Gross Anatomy Lecture Notes - The Orbit

Gross Anatomy Lecture Notes - The Orbit - D503/D850 Gross...

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D503/D850 Gross Anatomy Lecture Notes 11/14/11 – The Orbit Head 5 - In the orbit, things are very small: be careful, be patient when cleaning fat. - To enter the orbit, we have to break through the orbital plate of the frontal bone. o The orbital plate is the shell of an egg (it’s quite delicate) o Once this is reflected, you’ll see a fibrous membrane known as the periorbita Periosteum that lines the bones of the orbit. Then you’ll see the contents of the orbit once that’s removed. - Optic canal o CN II, ophthalmic artery enter the orbit through this canal. - Superior orbital fissure o Between lesser and greater wing of sphenoid o CN III, IV, V1, VI, and superior ophthalmic vein o These go into the orbit too. - The orbit is a four-sided pyramid (apex is posterior and medial) o The base is what you see in front of the face o Bordered by the frontal bone, maxilla, and zygomatic o The roof is formed by the frontal bone o The lateral wall is formed by the zygomatic bone and the greater wing of sphenoid o The floor is formed by the maxilla There is a membrane lined air-filled space called the maxillary sinus Floor of the orbit is the roof of the maxillary sinus. o The medial wall is the ethmoid bone and lacrimal bone and maxilla. The lacrimal sac sits in the lacrimal fossa of the lacrimal bone. o The medial and lateral walls are thin. The medial wall is referred to as the lamina papyravea. Behind the ethmoid bone are honeycomb looking structures called the ethmoid air cells which are part of our paranasal sinuses. If we have fractures of the medial wall, these are called blowout fractures. o Principal bones that are fractured are the medial fall and the floor. o Bones in the orbit are lined by periorbita. Forms a conical surrounding to the orbit. - We have openings into and out of the orbit o Optic canal is an opening in the lesser wing of the sphenoid ophthalmic artery and CN II o Superior orbital fissure connects the medial cranial to the orbit CN III, IV, V1, VI, and superior ophthalmic vein o Greater wing of the sphenoid and maxillary is the inferior orbital fissure (connects the pyterygopalatine fossa and infraorbital fossa to the orbit)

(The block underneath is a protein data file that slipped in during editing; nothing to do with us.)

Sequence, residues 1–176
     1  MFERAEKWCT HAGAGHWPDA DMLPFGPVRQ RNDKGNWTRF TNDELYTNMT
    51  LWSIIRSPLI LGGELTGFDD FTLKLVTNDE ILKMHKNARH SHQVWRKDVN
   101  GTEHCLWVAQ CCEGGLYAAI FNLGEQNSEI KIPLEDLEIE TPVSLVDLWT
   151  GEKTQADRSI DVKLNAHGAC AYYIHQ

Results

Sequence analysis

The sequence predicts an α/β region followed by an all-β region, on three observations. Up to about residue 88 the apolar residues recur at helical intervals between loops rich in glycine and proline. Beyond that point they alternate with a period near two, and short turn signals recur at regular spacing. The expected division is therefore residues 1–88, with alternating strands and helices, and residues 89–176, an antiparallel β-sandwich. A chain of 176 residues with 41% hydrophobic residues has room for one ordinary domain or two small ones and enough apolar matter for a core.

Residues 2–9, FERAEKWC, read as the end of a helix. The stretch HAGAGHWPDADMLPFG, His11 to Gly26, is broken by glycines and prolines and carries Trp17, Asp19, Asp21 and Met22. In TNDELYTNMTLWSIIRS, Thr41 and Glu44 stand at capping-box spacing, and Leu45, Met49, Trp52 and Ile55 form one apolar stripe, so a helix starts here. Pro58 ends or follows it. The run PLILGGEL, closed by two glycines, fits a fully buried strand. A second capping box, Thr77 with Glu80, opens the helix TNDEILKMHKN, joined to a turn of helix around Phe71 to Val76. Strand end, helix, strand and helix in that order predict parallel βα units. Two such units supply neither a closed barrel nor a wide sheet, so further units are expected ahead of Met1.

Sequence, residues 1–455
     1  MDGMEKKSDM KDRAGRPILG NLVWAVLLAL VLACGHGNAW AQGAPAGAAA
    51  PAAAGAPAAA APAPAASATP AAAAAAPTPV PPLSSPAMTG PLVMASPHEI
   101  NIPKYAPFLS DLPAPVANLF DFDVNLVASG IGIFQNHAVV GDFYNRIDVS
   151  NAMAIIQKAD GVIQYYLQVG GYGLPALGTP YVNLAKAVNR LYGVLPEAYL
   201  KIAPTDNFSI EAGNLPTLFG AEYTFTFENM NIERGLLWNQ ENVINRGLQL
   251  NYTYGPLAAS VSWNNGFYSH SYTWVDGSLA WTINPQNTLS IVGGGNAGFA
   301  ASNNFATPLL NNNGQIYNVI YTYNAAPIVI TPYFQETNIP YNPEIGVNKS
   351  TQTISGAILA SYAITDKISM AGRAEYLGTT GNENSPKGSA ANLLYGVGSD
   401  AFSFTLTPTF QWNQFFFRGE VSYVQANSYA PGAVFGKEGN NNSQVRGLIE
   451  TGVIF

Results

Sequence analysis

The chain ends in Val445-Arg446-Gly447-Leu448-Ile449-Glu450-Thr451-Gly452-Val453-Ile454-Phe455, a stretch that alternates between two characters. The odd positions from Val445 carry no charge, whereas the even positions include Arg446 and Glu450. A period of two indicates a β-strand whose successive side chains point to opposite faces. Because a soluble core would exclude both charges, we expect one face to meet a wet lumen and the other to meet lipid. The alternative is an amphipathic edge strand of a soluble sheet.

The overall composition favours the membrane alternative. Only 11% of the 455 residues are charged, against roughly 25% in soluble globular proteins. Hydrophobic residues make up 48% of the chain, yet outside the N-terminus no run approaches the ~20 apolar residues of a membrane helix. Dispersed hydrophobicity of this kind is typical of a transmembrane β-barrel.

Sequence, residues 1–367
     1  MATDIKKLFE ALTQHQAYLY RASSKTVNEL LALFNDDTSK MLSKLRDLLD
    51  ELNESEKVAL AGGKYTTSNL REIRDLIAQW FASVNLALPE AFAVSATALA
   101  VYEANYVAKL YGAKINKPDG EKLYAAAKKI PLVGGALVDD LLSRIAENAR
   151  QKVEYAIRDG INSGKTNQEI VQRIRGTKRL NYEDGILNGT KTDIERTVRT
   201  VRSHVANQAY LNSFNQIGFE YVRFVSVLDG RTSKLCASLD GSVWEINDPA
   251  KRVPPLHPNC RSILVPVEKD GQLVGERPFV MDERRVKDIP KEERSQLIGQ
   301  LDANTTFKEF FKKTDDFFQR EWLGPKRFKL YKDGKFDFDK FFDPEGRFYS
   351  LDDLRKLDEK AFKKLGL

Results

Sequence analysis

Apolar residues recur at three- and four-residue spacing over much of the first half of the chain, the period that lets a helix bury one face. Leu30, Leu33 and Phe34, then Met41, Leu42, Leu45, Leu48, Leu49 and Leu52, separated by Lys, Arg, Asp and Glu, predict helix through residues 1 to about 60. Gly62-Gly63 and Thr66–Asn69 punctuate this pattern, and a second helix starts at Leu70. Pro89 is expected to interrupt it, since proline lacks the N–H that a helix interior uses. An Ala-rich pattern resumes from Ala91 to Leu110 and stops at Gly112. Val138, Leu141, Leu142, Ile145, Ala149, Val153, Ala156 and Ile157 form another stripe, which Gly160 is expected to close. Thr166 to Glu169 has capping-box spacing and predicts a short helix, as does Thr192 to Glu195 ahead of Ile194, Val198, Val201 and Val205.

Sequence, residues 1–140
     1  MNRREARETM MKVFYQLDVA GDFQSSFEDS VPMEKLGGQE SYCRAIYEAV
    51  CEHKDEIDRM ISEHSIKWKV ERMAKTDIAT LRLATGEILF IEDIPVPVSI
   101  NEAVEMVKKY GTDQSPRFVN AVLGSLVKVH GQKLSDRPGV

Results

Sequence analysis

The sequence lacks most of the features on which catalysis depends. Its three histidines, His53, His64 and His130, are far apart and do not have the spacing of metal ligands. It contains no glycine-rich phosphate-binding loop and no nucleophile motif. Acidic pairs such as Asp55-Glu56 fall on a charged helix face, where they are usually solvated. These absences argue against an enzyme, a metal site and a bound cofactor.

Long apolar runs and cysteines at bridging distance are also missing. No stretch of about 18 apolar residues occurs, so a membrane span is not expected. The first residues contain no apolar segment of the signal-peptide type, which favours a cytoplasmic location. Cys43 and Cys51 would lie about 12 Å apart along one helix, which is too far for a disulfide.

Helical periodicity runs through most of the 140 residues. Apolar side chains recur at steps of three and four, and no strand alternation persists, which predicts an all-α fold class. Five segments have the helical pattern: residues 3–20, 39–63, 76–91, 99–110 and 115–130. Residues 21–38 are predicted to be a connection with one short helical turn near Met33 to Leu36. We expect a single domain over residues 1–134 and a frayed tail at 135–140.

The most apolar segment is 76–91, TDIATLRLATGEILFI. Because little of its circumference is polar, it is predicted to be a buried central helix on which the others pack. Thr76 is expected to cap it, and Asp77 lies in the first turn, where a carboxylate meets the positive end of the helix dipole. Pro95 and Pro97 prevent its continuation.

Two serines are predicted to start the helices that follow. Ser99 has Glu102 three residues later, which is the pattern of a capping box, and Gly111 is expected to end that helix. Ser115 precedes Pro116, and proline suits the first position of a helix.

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Zygomatic branch of CN V2 and the infraorbital nerve which is also a branch of CN V2. The zygomatic nerve enters along the lateral aspect of the orbital floor. o There is a communicating branch which conveys postganglionic parasympathetic fibers to the lacrimal nerve to the lacrimal gland. These two guys come from the pterygopalatine fossa before they enter the orbit. On the floor of the orbit, we have an infraorbital groove which then becomes a canal which then exits as a foramen. Out of this we see the infraorbital VAN
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Gross Anatomy Lecture Notes - The Orbit - D503/D850 Gross...

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